It's a nice demoreel! There is some solid work on there, and you show experience of different styles of animation.
Nothing stands out as being bad and so doesn't bring down the impact of other shots.
-The first shot of the woman is looking good, some nice facial shapes and strong posing. I think there is room for the realisation to show in her face after she says "...bald gangly!", try and show her expression change before she pulls back - maybe widen the eyes, raise the brows a bit, show that she is shocked at what she has said because she thinks of herself as a "nice person".
-What did you do in the car shootout game clips? Did you animate everything by hand, including the cars and all human characters? Or is it cleaned up mocap? Did you animate the cameras? I think it's a valid choice of work and is evidence that you can work in this style, but just make it clear what part you played in it's creation.
-If you were looking to edit the reel a bit you could do without the 'running and hitting the tree' shot, and the guy being chased by the big monster. The second one especially suffers from a lack of weight in the motion.
For a first showreel I think you've made a great start. Its a good choice of dialogue to engage the viewer and to create colourful contrasting characters, and I like your simple setup and staging. I also think you're hitting all the right beats, and the acting choice for the screen left guy is pretty good, he's doing all the right things.
Things you could improve are:
(1) Screen right guy's acting choices:
(A) I think you could make this scenario more entertaining and clearer by having stronger acting choices. The screen right character could start by looking really happy with himself, perhaps cocky even, and is trying to show off and even disturb the screen left guy, who is clearly minding his own business.
(B) There's a laugh in the audio at the start which is missing in his performance.
(C) There's a pause between getting his friend's attention and "great plus" which is an opportunity to both nod at the key fob to draw the viewers' eye and also show that he think's its impressive. This would make a nice contrast in the final shot where he's completely deflated.
(2) Adding polish: there's a few spots where the animation feels a little clunky and could be smoother. Check the arcs and spacing controls, particularly on the hips and hand.
(3) Sound seems offset to the visuals, might be a problem with the way its uploaded.
Bonus Review :
I know you only asked for feedback on the first shot, but its great to see your cycle work added to the reel and thought you might like some feedback there too. Cycles demonstrate an in-depth understanding of the structure, weight and balance of a character.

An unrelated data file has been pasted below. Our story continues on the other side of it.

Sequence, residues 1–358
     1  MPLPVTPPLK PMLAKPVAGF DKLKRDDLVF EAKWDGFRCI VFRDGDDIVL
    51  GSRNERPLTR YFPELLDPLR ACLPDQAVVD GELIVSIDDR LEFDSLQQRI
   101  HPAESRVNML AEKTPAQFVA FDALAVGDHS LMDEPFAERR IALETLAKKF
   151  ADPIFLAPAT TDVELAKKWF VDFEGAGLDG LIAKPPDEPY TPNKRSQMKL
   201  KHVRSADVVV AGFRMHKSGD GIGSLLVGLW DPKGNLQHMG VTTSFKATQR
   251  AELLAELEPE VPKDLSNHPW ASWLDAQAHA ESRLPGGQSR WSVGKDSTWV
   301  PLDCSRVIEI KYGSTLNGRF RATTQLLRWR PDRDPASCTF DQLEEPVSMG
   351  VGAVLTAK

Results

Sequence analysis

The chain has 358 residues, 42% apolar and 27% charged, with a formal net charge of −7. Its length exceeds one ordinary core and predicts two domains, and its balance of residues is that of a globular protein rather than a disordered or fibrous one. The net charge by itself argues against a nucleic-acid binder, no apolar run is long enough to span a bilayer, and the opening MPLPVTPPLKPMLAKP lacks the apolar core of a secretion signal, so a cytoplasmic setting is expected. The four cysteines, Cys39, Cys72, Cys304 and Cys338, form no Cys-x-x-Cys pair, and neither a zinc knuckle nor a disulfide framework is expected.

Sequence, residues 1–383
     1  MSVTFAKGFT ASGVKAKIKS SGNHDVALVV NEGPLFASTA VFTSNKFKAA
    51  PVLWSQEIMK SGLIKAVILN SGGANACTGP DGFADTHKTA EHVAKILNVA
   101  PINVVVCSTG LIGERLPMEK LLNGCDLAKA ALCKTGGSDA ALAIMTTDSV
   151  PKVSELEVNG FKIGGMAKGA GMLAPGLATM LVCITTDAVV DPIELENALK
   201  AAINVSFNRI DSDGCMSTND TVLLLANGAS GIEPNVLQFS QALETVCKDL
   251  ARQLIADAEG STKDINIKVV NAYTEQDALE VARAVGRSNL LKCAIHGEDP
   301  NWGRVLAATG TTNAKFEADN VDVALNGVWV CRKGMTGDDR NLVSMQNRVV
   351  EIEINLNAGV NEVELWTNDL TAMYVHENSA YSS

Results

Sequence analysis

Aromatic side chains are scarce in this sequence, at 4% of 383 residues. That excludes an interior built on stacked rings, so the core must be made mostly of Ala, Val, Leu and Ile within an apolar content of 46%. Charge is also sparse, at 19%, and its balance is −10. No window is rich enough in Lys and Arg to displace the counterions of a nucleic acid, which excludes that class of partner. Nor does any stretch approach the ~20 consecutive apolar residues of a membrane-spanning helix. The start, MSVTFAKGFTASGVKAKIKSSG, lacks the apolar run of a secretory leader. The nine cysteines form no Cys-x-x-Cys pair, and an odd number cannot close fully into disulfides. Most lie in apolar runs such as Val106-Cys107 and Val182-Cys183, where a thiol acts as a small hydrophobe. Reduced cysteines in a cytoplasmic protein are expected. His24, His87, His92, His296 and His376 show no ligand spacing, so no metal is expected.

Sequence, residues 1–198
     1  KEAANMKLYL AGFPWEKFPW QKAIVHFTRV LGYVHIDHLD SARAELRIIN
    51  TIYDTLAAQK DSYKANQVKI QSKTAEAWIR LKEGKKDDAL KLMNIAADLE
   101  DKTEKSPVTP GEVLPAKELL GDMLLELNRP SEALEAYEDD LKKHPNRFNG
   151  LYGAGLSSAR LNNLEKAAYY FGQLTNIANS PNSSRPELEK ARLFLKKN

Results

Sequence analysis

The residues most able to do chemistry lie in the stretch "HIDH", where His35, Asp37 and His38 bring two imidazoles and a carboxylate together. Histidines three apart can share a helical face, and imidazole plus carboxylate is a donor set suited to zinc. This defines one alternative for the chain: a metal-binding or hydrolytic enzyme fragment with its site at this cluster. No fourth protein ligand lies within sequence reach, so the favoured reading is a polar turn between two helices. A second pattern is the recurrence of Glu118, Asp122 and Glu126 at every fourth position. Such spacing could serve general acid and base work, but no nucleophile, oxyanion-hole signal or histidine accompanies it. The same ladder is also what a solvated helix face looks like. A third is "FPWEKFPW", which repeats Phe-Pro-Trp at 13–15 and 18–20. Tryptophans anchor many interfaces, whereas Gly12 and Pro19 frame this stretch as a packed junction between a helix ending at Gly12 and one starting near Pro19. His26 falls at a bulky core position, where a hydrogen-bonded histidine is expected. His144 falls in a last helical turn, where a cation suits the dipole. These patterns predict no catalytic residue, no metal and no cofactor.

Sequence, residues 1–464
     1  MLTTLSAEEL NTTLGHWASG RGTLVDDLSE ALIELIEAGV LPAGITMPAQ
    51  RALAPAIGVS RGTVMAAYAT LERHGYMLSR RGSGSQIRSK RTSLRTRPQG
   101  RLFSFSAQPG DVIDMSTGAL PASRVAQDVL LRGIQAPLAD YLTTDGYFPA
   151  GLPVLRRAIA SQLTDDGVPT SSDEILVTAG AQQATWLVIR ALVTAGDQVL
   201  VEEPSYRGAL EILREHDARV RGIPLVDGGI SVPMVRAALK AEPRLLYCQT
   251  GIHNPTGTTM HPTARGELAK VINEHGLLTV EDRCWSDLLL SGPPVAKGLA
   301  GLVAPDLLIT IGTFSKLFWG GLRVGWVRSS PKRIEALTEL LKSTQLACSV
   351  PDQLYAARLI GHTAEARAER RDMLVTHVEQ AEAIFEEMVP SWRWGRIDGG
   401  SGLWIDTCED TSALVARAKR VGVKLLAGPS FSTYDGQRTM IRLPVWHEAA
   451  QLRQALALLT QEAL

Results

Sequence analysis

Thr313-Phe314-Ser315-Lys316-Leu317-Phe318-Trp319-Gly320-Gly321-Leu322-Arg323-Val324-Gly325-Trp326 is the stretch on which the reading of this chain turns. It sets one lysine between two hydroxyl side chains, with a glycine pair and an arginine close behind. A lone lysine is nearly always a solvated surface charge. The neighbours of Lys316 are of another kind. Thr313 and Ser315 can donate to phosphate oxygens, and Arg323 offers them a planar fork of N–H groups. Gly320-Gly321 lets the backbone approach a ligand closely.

Things to improve on the cycles are:
1) The girls hips tilt in the opposite way to what I'd expect. As she places her weight on a foot, that foot should support the weight of the entire body, so her hips should then tilt down on the other side as the other leg is lifted. As a result of this, the spine would arc to counter this weight in the opposite direction to what you have, so she stays balanced.
The hands are a bit late. Each hand should lead the opposite foot forward (They also act as a counter balance). Try walking around and noticing whats happening as you do it. Even better, film yourself doing it, and play it back!
2) Its great to see a horse trot cycle. First of all (looking front on) i would bring all four feet in toward the center of the horse for a more natural pose. I wouldn't lift the front feet quite so high compared with the back feet. Look carefully at Muybridge examples. Muybridge is a great source of animal and human motion reference for animators
Try to make the hip and chest motion less clicky. We want to feel the natural weight and bounce. And offset the front and back by a frame or two, taking care to keep the impact on the foot fall. At some point we'll post some motion curve examples for good hip and chest weight.
The head and neck will also benefit from feeling the impact of the front feet with some follow through.
3) A good rotary gallop with weight is challenging, so congratulations on giving it a go and putting this one forward..
I would look closely at the posing here. The front and back feet feel squashed at times. The ankles going into the thighs etc. Look online for some good (slow motion) cheetah running reference.
Also the chest and hips don't feel like they are bouncing from the impacts of the feet. In fact i don't feel much weight in this cycle. Look at the timing of this, and try to achieve the kind of rolling wave motion that you get through the spine of a cheetah. You want to feel the body is springing the cheetah forward with each push off from the back feet.
Its a good starting point though, well done!
4) The man jumping up to the bar needs a fluid swinging motion. Try key posing him at the extreme of the swing, back and forth, than play with the timing of those key poses off-setting feet to get the kind of swing you want, adding a more emotive straining leg motion if you want him to struggle at the end.
The timing of his look up to the bar at the start feels quite sharp and late. Make him look up a touch earlier so he has more time to see it before jumping. Think again about his motivation. If hes feeling very sure of him self at the start, he could do something to communicate that as well as the hand rub, like nodding for example.